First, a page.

Methane Primary Threat Considered Secondary Issue

Topics: Methane, Natural gas, Greenhouse gas Pages: 6 (1710 words) Published: February 21, 2013
Primary Threat
Considered Secondary Issue

Methane (CH4) is a hydrocarbon that is a primary component of natural gas. It is a greenhouse gas present in the atmosphere, which affects the earth's temperature and climate system. Next to carbon dioxide (CO2), Methane is the second most prevalent anthropogenic Greenhouse Gas. Although there is far more carbon dioxide (CO2) pollution than methane and soot pollution, Methane is far more potent. To what extent does Methane effect climate change and what are the uses and limitations of science in addressing this issue? Methane is influenced by various natural and anthropogenic factors such as landfills, farms, drilling for natural gas, and coal mining. All of these factors that generate Methane emissions create ground level o-zone which is not only hazardous for our health, but it is a great concern for our climate. EPA is one of several organizations that plays a significant role in encouraging voluntary reductions from large corporations, consumers, industrial and commercial buildings and many major industrial sectors. Although EPA has effectively decreased methane emissions, there are still several reasons why the initiatives are not as widespread.

This topic is worthy of investigation because Methane is overlooked and considered a secondary issue compared to Carbon Dioxide. Methane is in fact a greater threat to our climate than Carbon dioxide C02 because of Methane’s ability of the gas to trap heat in the atmosphere is 25 times that of C02, which most people are unaware of. There is a great amount of natural and anthropogenic sources that emit methane into our atmosphere and can be reduced. EPA encourages large corporations and consumers to reduce the amount of Methane emitted while maintaining economic growth. People need to understand the effects of Methane to our climate and how simply it can be reduced, which will be argued in this paper.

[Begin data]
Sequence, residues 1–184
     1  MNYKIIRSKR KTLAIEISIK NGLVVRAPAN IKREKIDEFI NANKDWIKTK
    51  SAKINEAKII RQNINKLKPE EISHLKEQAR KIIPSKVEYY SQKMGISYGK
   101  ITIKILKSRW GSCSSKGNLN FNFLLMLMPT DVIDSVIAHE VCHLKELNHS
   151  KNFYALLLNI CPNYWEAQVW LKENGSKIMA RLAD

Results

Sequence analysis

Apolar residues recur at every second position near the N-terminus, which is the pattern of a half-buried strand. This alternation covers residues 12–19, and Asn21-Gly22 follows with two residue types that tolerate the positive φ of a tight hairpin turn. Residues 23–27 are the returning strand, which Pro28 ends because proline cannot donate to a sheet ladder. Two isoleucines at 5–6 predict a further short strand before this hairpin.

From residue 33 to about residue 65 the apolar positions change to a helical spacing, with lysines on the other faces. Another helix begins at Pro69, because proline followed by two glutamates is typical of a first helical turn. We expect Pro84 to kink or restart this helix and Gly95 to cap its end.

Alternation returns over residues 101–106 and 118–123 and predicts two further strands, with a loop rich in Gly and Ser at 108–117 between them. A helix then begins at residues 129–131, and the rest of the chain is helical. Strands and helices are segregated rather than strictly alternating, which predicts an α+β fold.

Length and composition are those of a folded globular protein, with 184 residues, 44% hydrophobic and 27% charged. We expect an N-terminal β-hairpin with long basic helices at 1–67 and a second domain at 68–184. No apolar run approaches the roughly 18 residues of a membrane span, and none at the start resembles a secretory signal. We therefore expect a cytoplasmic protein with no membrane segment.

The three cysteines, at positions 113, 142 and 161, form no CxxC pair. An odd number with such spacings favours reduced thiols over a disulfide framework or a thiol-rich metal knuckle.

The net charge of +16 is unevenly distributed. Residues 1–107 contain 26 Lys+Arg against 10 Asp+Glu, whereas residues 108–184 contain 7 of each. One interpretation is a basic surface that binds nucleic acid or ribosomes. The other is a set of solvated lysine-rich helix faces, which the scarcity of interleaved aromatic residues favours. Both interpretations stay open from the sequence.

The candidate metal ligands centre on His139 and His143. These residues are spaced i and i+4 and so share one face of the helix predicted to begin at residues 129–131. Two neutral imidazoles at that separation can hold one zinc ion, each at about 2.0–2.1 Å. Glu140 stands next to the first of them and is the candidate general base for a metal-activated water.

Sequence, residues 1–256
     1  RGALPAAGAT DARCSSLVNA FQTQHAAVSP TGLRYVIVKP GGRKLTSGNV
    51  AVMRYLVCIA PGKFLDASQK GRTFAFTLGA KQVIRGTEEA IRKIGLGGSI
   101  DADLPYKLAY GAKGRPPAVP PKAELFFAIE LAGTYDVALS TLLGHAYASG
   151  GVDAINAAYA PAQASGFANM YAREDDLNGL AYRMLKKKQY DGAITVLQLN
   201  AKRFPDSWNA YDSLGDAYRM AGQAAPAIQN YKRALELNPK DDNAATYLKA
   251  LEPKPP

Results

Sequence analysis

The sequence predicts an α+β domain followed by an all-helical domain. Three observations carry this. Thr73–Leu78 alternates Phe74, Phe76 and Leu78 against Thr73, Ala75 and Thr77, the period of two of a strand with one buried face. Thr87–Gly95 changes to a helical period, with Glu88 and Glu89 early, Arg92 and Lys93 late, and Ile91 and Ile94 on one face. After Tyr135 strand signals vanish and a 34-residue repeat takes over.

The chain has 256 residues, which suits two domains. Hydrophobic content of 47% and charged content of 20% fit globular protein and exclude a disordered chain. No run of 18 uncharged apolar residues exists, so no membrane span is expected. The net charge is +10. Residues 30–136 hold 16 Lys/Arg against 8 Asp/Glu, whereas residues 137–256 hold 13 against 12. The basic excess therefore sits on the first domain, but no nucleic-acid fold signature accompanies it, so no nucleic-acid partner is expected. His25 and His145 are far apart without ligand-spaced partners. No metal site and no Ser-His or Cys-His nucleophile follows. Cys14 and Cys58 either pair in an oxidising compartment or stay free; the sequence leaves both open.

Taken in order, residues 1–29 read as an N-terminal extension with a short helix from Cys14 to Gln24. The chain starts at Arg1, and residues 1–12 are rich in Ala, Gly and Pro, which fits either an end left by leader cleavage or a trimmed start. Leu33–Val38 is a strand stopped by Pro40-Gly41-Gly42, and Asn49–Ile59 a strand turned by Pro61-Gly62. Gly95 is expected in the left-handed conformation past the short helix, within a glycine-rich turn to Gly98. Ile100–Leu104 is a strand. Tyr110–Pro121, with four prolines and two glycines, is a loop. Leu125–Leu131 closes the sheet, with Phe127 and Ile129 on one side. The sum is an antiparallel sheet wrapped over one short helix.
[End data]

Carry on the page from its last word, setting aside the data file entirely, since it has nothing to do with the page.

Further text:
Methane (CH4) is a primary component of natural gas that is emitted from anthropogenic and natural sources. These sources influence earth’s climate and contribute to climate change. Natural sources are Wetlands, termites, Oceans, Rivers, Hydrates, Geologic, Wildfires, and Wild Animals. The primary natural source of Methane emissions are from wetlands because they provide a beneficial habitat to methane-producing bacteria.[1] Wetland conditions are environments with no oxygen and an ample amount of organic matter which is what these bacteria require.1 Wildfires also release a great amount of Methane into the atmosphere due to the incomplete combustion of organic matter during wildfires.[2] For example, in high latitude regions, fires significantly cause the release of methane from the soil after the fire is extinguished.2 Lastly, global emissions from methane hydrates are also a major contributor to the natural sources of methane emissions on the planet. Methane hydrates are solid deposits of cages of water molecules containing methane which are found in Polar Regions deep underground.2 When there are temperature changes, pressure and instability in salt concentration changes, Methane is released.2 Human related activities are also a significant factor in emitting large amounts of Methane into the atmosphere. Human related activities are landfills, Natural Gas Systems, Coal Mining, Livestock manure management, wastewater treatment, and rice cultivation. Landfills are an example of a primary anthropogenic source that emits methane into the atmosphere. Landfills are similar to the natural source wetlands; this is because they both have anaerobic conditions. In this specific type of condition where there is an absence of oxygen, the process of microbes decomposing garbage in the landfills occurs which produces Landfill Gas, generating Methane.[3] The content of the waste controls the amount of methane created. Humans can control the amount of methane emitted by ensuring that the content of waste does...
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